Opened 4 years ago

Last modified 10 months ago

#11008 new bug

Difficulties around inferring exotic contexts

Reported by: crockeea Owned by:
Priority: normal Milestone:
Component: Compiler Version: 7.10.2
Keywords: deriving Cc: RyanGlScott
Operating System: Unknown/Multiple Architecture: Unknown/Multiple
Type of failure: None/Unknown Test Case:
Blocked By: Blocking:
Related Tickets: #15868 Differential Rev(s):
Wiki Page:

Description

In the following code:

{-# LANGUAGE TypeFamilies, FlexibleContexts, UndecidableInstances #-}

class C r
type family F r

newtype Foo r = Foo r
instance (C (F r), Eq r) => Eq (Foo r)

newtype Bar r = Bar (Foo r) deriving (Eq)

GHC produces the error

    No instance for (C (F r))
      arising from the 'deriving' clause of a data type declaration
    Possible fix:
      use a standalone 'deriving instance' declaration,
        so you can specify the instance context yourself
    When deriving the instance for (Eq (Bar r))

If I enable StandaloneDeriving, I am able to derive the instance: deriving instance (Eq (Foo r)) => Eq (Bar r)

The docs indicate that this is exactly the instance that should be generated by GND for

newtype T v1..vn = MkT (t vk+1..vn) deriving (C t1..tj),

where my code uses the following parameters:

  T = Bar
  v1 = r
  n = 1
  MkT = Bar
  t = Foo r
  k= 1 
  C = Eq
  j = 0

and all of the conditions enumerated in the docs seem to be met. Furthermore, Bar seems to fit squarely into the format of data T1 in section 7.5.1 of the same documentation, which indicates it should not need StandaloneDeriving. It seems that the type family constraint on the Eq instance for Foo is causing the problem, but it's not clear why I'm forced to write a standalone instance that is identical to the one that should be generated by GND.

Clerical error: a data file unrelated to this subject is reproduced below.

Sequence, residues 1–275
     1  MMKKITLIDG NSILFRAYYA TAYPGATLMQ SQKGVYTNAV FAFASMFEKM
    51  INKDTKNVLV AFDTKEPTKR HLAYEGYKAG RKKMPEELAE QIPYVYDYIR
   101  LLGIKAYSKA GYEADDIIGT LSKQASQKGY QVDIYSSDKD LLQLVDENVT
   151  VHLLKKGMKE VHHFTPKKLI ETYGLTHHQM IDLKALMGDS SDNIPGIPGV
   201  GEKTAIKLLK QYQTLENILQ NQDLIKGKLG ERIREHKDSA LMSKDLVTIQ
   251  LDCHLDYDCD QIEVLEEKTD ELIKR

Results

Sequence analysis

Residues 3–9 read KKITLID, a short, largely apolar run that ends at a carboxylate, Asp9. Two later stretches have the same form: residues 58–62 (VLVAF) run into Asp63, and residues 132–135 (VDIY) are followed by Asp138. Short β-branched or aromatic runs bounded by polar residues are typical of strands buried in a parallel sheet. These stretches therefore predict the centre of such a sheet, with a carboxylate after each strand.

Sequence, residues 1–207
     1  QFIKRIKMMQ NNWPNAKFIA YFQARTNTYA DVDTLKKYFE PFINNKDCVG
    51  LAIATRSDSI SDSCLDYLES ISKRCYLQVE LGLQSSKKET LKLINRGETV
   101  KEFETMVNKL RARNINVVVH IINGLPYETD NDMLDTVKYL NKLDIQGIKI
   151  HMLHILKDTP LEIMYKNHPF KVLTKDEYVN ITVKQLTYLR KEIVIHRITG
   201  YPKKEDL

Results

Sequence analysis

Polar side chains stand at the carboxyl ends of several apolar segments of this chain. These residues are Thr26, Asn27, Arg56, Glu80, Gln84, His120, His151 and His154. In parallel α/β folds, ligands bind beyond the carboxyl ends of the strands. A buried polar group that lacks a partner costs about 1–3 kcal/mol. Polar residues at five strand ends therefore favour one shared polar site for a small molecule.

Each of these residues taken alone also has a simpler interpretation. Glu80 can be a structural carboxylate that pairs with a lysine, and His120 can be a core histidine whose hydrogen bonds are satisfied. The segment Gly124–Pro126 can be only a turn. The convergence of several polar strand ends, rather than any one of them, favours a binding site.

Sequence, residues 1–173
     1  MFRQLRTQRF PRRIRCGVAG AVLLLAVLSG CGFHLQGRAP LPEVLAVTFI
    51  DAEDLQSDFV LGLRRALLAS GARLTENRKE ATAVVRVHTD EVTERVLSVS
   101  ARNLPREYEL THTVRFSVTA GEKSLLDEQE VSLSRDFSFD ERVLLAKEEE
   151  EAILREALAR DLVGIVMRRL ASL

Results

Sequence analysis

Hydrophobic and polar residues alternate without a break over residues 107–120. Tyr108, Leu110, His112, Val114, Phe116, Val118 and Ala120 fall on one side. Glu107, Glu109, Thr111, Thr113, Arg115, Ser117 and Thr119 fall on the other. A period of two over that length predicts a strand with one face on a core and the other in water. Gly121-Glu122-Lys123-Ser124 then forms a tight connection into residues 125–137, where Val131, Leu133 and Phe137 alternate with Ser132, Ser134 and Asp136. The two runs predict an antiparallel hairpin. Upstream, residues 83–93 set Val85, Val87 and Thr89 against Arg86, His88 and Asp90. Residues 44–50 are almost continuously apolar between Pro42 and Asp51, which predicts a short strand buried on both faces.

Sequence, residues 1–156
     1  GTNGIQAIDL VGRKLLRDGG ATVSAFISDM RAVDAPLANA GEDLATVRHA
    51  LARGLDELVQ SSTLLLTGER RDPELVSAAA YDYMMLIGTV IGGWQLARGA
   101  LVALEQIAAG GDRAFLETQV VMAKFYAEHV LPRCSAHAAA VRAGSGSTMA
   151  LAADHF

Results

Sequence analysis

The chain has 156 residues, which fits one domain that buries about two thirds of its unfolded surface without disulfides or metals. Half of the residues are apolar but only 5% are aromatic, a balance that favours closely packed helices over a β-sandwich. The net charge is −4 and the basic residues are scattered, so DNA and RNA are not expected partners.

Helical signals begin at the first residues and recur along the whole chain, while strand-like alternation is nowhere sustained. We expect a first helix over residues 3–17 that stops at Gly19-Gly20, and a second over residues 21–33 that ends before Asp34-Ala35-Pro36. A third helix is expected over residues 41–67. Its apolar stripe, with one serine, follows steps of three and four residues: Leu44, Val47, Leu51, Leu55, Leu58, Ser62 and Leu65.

Change History (12)

comment:1 Changed 4 years ago by goldfire

Summary: GND with Type FamiliesDifficulties around inferring exotic contexts

This is by design. GHC refuses to infer so-called exotic contexts, believing that sufficiently exotic contexts should be written by the user. This behavior is independent of whether GND or other deriving features are used. Here is an extreme example:

data X a b = MkX (a -> b) deriving Eq

This fails, complaining about a missing Eq (a -> b) instance. (My choice of data vs. newtype is utterly irrelevant here.) But I can write this:

deriving instance Eq (a -> b) => Eq (X a b)

Should GHC infer the context automatically here? I think not -- it masks a deeper problem.

Now, returning to the original post: should GHC infer that context? It looks just like the example I just gave, where the context requires an Eq constraint on some other type constructor.

It all boils down to yet another knob we can turn in the internals of GHC. It's a very easy knob to turn, with no interactions throughout the code. See the relevant function here, with a Note directly above.

If you can suggest a better setting for the knob, go right ahead. :)

Regardless, we should document this in the manual somewhere, as it is all user-facing.

comment:2 in reply to:  1 ; Changed 4 years ago by crockeea

With the deriving clause, which instance does GHC try to create?

  1. instance (Eq (Foo r)) => Eq (Bar r)
  2. instance (C (F r), Eq r) => Eq (Bar r)

If option 1, GHC has no business inspecting the constraints on the Foo r instance. If option 2, why? Is it due to slower instances?

In either case, since I *have* a matching Eq instance for Foo, GHC should assume that I knew what I was doing when I wrote it, and just use it. This doesn't change the behavior when no matching instance is found, like in your example.

Whatever the result, the docs definitely need to be clearer.

comment:3 in reply to:  2 Changed 4 years ago by goldfire

Replying to crockeea:

With the deriving clause, which instance does GHC try to create?